Ireland | Too Hot for Hort? As Emerald Isle Fries, Food Producers Adjust

Una Ni Bhroin and Padraig fahy

North west Europe is not known for its soaring temperatures. Yet, this summer, even Ireland has seen a prolonged drought, with almost no rain for weeks, a similar forecast for the weeks ahead,  and temperatures reaching 30 degrees in this more typically temperate place. How are horticulturalists on the yellow-singed Emerald isle coping?

Padraig Fahy and his partner Úna Ní Bhroin are organic horticulturalists with 45 acres, between their own and rented land in Galway in the west of Ireland. We chatted about the weather and its impact on growers.

Oliver Moore: How are growing conditions?

Padraig Fahy: There’s been 30mm of rain since mid-May, we usually get three times that in May and June.  A lot of the crops are suffering – we might lose half of our beetroot for example. We put in a borehole and dug a well, and that has really helped. We went down 320 feet. Water managing is now the equivalent of half a job on the farm, and there are extra costs too. 

The April and May crops were delayed by the late spring, then summer came strong – we’re harvesting now, but the plantings going in the last 2-3 weeks have suffered. Aphids and root fly are more of a problem – the plants are weaker and the heat increases their breeding.

OM: Are there positives?

PF: On the plus side – we’ve lots of scallions; we got them off to shops, there were 6-7000 bunches as surplus, due to the late spring. Growers will have lots of gluts for e.g. with lettuce and scallions.  Brassicas are suffering especially – they’re a big leafy plant, so the sun bakes down on it. Smaller thinner plants are doing ok. Tunnel crops are doing well with environmental controls, with moisture and air, we’ll have cherry tomatoes this week, cucumbers and courgettes are flying.

OM: How has the heat changed what you do?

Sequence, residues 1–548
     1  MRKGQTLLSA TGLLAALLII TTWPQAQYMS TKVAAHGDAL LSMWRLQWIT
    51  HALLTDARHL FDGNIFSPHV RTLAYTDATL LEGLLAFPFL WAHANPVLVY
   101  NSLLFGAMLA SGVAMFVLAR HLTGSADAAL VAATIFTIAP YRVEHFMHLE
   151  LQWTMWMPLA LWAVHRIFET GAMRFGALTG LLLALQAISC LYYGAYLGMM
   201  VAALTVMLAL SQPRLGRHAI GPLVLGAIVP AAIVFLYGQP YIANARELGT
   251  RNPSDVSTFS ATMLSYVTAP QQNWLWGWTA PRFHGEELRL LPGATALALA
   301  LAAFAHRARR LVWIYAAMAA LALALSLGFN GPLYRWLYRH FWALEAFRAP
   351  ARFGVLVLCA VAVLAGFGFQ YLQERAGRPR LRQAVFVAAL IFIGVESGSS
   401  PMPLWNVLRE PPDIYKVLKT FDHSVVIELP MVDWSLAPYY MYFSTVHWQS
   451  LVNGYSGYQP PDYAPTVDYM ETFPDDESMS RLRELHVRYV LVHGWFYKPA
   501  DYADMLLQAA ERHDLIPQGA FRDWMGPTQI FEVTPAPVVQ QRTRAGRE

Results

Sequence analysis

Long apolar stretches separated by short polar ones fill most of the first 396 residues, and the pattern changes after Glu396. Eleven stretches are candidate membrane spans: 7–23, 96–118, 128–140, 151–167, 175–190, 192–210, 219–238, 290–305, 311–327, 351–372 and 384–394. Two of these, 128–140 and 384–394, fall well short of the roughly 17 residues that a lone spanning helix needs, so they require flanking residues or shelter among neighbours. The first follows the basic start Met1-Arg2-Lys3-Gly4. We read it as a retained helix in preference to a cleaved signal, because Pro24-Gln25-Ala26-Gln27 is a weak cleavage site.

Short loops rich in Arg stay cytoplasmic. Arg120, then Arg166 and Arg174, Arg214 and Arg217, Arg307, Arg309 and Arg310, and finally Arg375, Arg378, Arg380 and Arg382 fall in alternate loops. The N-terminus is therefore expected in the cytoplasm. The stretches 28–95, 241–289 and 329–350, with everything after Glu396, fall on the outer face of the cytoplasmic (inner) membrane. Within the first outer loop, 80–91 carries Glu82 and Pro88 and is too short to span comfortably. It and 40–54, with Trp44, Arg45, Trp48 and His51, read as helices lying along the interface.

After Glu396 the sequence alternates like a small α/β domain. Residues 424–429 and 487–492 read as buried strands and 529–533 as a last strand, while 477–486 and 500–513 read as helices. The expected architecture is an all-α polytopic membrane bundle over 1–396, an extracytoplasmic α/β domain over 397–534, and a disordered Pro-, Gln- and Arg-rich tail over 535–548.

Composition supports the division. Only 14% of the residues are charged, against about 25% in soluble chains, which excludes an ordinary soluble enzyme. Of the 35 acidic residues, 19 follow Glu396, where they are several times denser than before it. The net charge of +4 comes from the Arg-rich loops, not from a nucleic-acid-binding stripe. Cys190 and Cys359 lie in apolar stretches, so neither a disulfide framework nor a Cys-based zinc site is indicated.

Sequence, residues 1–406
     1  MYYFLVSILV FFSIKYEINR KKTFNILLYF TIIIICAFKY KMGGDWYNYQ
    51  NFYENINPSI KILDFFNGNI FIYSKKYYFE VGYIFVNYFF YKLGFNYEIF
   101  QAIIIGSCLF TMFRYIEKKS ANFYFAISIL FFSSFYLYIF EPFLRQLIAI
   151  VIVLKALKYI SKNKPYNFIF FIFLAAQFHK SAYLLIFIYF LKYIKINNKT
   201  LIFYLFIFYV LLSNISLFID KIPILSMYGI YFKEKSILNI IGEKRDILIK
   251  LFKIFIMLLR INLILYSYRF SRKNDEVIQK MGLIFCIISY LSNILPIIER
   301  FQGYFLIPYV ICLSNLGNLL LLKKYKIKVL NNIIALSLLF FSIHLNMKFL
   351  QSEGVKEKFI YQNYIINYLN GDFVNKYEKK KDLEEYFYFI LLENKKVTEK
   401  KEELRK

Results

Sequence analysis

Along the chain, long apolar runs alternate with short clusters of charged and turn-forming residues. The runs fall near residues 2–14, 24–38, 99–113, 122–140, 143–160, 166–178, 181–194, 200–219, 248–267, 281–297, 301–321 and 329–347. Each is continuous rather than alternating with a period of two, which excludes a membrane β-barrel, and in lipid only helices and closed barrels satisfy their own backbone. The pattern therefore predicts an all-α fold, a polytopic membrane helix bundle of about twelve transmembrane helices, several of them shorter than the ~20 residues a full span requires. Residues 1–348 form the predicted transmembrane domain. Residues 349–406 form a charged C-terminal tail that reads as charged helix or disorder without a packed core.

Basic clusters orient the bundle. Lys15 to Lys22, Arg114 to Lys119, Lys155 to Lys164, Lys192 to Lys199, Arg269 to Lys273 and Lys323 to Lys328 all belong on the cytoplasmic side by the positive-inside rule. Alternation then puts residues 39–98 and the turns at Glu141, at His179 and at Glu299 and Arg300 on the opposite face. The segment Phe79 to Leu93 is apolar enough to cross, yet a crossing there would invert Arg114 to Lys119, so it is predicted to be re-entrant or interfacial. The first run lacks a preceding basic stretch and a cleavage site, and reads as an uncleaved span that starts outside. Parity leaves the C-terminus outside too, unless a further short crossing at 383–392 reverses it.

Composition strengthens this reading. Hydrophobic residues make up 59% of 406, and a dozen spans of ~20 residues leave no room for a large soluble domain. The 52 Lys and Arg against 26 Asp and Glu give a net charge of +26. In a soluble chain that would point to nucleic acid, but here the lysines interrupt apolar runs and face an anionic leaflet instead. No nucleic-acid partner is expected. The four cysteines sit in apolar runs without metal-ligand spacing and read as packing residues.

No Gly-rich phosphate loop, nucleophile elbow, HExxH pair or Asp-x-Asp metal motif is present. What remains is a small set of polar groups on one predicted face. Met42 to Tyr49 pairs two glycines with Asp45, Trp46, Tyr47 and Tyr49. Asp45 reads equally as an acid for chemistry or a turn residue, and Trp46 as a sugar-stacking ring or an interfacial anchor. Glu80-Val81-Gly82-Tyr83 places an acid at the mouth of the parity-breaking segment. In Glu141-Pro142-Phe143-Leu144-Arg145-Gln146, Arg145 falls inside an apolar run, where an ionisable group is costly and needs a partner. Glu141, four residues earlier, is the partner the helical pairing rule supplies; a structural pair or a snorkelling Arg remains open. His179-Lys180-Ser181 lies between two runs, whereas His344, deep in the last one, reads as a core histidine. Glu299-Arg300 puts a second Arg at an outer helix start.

PF: When planting out, you are preparing ground, irrigating and planting in 24 hours – if you expose soil the moisture will go away into the air. We’re also planting a bit deeper too, then irrigating immediately.

We can only irrigate on 40% of our land with our own system – the other fields are too far away, so we need a tanker for these fields and there are financial and physical costs. We had to get in a generator and buy fuel before the ESB connection came in.

A lot of the consequences will show up late July and August. Some crops might never recover – late parsnips really need moisture to germinate, only half will germinate – carrots too, yields will be back across the board. We’re using about 10,000 gallons to the acre for most crops. You’ve to be patient. The moisture needs to get time to get down to the roots, otherwise it’s a waste.

OM: How are the hours?

PF: We’re starting earlier- 6am – and then going out in the evenings again from 8 til 11. I’ve spoken to growers who are working Spanish hours – working until lunch then staying inside, then working in the evening time, then eating late.

UNB: We were in our wedding gear and ready to go to a neighbour’s wedding, when we realised we needed a different plug from the tool hire company for the generator. They let us pick it up out of hours which was very good of them. People are helping each other out, which is nice to see – it’s been good for community relations!  

PF: Speaking to a lot of growers – we’ve never been in this position in Ireland before with the heat. We’re not really equipped to deal with it. Everyone is energetic with the sun, but the work is harder. Growers have lost full fields of carrots, of broccoli.

People need to buy Irish in this context –growers are under pressure. But also, this is climate change.  We wanted to take the train to this wedding but needed to go back to sort of the irrigation! We’ve gone from two storms, to snow in March, and now to this.